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OFF SEASON

Photography and text by Fanny Genoux

Introduction by Melanie Meggs



French photographer, Fanny Genoux has a deep interest in humans and their effects on their environment. They are always at the centre of what she photographs, whether their presence is direct or by the traces of their past presence they leave behind, by their constructions, by its passage: silhouette, shadow or trace, it gets lost, anonymous in the geometry drawn by cities, material or color, both influencing each other.


For Fanny photography is an integral part of her life. Her photos sublimate reality, revealing poetry where you don't expect it.



I’ve always liked watching from above, looking over.


The high-angle shot, flattens the perspectives and gives the impression of a world in miniature. An elaborate graphic arrangement is something I try to achieve in my photographs. While taking a walk, I quite naturally try and gain height in order to watch what’s going on below.





The Promenade des Anglais overlooking the beaches offers an interesting viewpoint. The city of Nice is famous for its shingle beaches that stretch for several miles from the old town in the East to the airport in the West. The Promenade des Anglais runs alongside and overlooks these beaches; this walk got its name from the English who chose the Baie des Anges as their favourite winter holiday resort in the nineteenth century. They loved the winter balminess of the Riviera which Nice residents still enjoy.


Summer’s heat is sweltering and the city is swamped: as vast as the beaches may be, no shingle is left to be seen. Nice residents make themselves scarce. Yet when the high season ends, the Promenade empties of strollers and so do the beaches. The private beaches’ structures are dismantled leaving behind empty, bleak sections of exposed concrete and the regulars may take over to enjoy spring or autumn’s balmy sun, and the gentle light.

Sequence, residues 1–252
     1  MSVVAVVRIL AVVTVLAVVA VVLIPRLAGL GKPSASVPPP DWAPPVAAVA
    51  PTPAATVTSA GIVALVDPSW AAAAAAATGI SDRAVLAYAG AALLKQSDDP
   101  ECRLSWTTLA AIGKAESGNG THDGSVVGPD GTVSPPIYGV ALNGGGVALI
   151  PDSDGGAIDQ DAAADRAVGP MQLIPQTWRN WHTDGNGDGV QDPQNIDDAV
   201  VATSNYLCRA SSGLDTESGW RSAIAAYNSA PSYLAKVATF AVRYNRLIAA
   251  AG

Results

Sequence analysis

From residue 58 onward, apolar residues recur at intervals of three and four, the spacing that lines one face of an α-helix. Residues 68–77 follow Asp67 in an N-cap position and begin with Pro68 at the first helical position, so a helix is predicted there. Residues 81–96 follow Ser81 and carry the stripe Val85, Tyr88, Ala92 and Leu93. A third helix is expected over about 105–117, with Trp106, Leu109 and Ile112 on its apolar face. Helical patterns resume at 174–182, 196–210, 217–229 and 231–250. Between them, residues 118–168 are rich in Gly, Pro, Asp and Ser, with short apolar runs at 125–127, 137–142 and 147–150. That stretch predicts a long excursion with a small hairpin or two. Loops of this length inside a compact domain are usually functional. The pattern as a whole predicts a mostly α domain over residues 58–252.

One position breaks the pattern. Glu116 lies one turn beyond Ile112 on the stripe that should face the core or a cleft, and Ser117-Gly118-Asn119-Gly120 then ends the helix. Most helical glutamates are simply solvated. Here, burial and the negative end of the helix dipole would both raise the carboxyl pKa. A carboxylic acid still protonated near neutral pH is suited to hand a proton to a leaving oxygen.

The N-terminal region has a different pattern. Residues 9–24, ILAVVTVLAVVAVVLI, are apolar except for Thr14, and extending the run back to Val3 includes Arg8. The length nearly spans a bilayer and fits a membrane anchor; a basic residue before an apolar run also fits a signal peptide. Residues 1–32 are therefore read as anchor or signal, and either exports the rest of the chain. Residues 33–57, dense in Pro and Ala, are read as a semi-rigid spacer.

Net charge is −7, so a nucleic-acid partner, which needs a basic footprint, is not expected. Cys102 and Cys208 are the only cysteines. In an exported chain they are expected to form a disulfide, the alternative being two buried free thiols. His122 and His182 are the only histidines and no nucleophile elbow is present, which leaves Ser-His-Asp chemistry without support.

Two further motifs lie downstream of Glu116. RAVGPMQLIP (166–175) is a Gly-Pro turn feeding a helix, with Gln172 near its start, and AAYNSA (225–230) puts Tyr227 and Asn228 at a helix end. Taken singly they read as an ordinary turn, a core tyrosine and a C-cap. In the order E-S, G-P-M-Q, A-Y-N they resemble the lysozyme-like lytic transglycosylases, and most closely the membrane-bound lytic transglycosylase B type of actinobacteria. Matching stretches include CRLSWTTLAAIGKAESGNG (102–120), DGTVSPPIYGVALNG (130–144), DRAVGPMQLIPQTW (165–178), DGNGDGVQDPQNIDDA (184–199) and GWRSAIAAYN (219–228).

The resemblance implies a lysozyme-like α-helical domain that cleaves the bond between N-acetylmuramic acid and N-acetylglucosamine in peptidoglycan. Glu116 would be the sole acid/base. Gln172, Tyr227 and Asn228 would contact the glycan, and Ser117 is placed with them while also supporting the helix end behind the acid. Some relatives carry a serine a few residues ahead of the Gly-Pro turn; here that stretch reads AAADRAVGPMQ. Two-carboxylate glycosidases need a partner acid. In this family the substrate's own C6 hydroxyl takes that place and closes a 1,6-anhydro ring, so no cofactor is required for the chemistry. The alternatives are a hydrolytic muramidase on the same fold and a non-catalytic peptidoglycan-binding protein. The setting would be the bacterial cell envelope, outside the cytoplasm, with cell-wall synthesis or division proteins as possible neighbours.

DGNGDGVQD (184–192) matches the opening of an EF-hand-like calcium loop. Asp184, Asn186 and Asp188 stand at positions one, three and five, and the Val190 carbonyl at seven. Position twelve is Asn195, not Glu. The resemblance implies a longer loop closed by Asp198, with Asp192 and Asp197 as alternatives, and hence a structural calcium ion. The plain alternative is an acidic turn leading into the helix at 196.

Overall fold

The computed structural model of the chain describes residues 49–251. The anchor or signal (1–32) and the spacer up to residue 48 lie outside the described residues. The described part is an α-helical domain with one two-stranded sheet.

Nice’s Eastern beaches, la Paillole, les bains Militaires, la Réserve and Coco-Beach, are very popular among the residents. They’ve been going there to bathe for ages. Spending time there is an ancient local tradition. These beaches are part of the local heritage and the regulars meet there all year round. On one’s own or with others, to sunbathe, read, drink a coffee, have a bite, or even play the piano! From one season to the next, recognizing their bathing suit or their towel, I’ve been able to watch the same people set up there. These photos tell the story of a part of the local and discreet history, nowhere near the French Riviera’s clichés.





During several off-seasons (from October to April), I’ve been especially observing two interesting spots.

One is located at the far end of the Promenade, right before Rauba Capeu (a small headland whose name means 'Hat Snatcher') where the Castel’s private beach is settled during the high season; once it’s dismantled, the large concrete slabs left there are much appreciated by the inhabitants of Nice.


The other 'beach'; is situated just before the port, under the embankment, where the now underwater Paillole beach used to be. Large blocks of concrete support the embankment on which the regulars never get tired to stretch out. 





I enjoy watching from above these persons going about their business on these concrete beaches. The framing shows them isolated against a concrete background. The light is overwhelming, ever-present. In their swimsuits, they stand out against these backgrounds that change from grey to ochre according to the light. Or do they disappear in this background?


There’s a dual contrast: between the bright and saturated colours of the persons and the concrete’s colour on the one hand; and between this grey, rough, hard background and the almost naked bodies’ frailty on the other hand.


The reading of these photographs cannot be straightforward, it is equivocal. On watching it, one may get confused before understanding what they’re watching: are we facing a wall? Are the persons following on from the background? Do they take over this background or are they engulfed by it?



All photos © Fanny Genoux

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